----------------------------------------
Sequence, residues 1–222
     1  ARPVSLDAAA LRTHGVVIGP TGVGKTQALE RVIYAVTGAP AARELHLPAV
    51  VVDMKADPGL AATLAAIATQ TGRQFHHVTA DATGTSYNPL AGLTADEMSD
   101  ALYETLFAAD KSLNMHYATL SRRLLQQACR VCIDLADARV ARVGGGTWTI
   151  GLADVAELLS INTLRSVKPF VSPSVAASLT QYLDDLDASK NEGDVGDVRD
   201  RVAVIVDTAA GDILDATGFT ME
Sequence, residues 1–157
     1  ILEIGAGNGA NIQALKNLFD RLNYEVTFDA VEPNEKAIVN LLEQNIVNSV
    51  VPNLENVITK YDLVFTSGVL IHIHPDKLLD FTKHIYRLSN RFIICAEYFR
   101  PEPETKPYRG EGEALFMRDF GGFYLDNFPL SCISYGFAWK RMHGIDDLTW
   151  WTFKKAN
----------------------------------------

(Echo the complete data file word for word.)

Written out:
Sequence, residues 1–222
     1  ARPVSLDAAA LRTHGVVIGP TGVGKTQALE RVIYAVTGAP AARELHLPAV
    51  VVDMKADPGL AATLAAIATQ TGRQFHHVTA DATGTSYNPL AGLTADEMSD
   101  ALYETLFAAD KSLNMHYATL SRRLLQQACR VCIDLADARV ARVGGGTWTI
   151  GLADVAELLS INTLRSVKPF VSPSVAASLT QYLDDLDASK NEGDVGDVRD
   201  RVAVIVDTAA GDILDATGFT ME
Sequence, residues 1–157
     1  ILEIGAGNGA NIQALKNLFD RLNYEVTFDA VEPNEKAIVN LLEQNIVNSV
    51  VPNLENVITK YDLVFTSGVL IHIHPDKLLD FTKHIYRLSN RFIICAEYFR
   101  PEPETKPYRG EGEALFMRDF GGFYLDNFPL SCISYGFAWK RMHGIDDLTW
   151  WTFKKAN